JPMorgan Chase (JPM) - Get Report has admitted wrongdoing and agreed to pay more than $920 million to resolve market-manipulation investigations by U.S. authorities into its trading of metals futures and Treasury securities.
At last check shares of the New York banking giant were down less than 1% to $95.56.
The Commodity Futures Trading Commission said in a statement that this was the biggest monetary penalty it has ever imposed. It includes a $436.4 million fine, $311.7 million in restitution and more than $172 million in disgorgement.
The CFTC said its order will recognize and offset restitution and disgorgement payments made to the Department of Justice and Securities and Exchange Commission.
The practice under investigation, known as spoofing, typically involves flooding derivatives markets with orders that traders don’t intend to execute. The goal is to trick others into moving prices in a desired direction.
Bloomberg first reported the settlement last week.
The agreement ends a criminal investigation that has led to a half-dozen employees being charged for allegedly rigging the price of gold and silver futures for more than eight years. Two have entered guilty pleas and four others are awaiting trial.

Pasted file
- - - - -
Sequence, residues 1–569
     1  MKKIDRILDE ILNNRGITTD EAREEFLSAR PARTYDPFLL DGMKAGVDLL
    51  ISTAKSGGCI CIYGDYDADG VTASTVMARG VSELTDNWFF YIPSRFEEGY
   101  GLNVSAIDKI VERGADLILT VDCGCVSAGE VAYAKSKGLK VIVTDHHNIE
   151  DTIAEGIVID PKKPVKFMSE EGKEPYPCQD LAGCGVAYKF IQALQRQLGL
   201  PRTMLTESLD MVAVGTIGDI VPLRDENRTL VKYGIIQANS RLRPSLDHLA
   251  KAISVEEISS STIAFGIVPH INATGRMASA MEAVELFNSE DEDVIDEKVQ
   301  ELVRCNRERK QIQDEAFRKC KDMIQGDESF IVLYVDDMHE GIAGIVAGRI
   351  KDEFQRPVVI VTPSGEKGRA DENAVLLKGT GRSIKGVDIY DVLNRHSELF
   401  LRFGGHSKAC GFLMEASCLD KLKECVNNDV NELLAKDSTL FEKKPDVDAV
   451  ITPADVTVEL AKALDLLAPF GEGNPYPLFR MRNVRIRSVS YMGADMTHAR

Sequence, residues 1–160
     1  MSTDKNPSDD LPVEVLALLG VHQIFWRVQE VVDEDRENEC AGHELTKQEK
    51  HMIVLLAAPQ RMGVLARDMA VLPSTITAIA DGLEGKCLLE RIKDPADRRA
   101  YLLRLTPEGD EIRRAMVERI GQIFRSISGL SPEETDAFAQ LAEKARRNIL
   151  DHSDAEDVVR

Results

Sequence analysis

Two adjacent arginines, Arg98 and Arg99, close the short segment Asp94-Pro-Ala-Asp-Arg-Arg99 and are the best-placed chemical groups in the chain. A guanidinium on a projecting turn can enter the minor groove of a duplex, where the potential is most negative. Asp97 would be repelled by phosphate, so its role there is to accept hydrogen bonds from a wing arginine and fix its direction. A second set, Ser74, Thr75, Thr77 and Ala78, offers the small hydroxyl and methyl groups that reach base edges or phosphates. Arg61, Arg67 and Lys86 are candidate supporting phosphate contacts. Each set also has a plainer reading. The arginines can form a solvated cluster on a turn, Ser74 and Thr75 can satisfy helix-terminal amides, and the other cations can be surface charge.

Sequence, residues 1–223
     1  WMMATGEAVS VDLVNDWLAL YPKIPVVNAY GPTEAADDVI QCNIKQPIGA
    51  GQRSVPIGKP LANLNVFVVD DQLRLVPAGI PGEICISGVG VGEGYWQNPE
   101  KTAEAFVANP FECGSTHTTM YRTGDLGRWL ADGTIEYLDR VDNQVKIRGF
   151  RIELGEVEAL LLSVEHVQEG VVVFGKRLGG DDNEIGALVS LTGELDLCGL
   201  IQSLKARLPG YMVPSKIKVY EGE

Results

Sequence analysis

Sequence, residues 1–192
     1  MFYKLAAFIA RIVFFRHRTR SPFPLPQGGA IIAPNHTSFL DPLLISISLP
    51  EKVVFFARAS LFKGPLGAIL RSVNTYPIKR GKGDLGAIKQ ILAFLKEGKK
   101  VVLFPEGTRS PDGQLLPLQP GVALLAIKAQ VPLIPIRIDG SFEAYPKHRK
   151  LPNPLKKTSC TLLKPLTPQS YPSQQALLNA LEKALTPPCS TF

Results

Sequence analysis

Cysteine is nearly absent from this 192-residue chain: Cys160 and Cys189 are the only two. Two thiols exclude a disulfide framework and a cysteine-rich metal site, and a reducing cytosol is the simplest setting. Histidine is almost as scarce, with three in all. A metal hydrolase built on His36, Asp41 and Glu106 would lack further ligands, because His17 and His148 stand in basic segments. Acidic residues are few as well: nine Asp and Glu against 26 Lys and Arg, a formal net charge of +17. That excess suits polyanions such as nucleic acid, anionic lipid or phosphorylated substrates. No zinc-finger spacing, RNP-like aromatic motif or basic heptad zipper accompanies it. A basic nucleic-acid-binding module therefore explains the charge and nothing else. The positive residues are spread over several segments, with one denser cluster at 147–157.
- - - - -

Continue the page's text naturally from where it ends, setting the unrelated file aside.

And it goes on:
“The conduct of the individuals referenced in today’s resolutions is unacceptable and they are no longer with the firm,” Daniel Pinto, co-president JPMorgan Chase and CEO of the corporate and investment bank, said in a statement. “We appreciate that the considerable resources we’ve dedicated to internal controls was recognized by the DOJ, including enhancements to compliance policies, surveillance systems and training programs.”
The commission said that the bank entered to a deferred-prosecution agreement with the Justice Department as part of the settlement.
Spoofing has become a focus for prosecutors and regulators in recent years after lawmakers specifically prohibited it in 2010.
While submitting and then canceling orders isn’t illegal, it is unlawful as part of a strategy intended to dupe other traders.
The Justice Department accused JPMorgan metals traders under the 1970 Racketeer Influenced and Corrupt Organizations, or RICO, Act, which is typically applied to organized crime cases.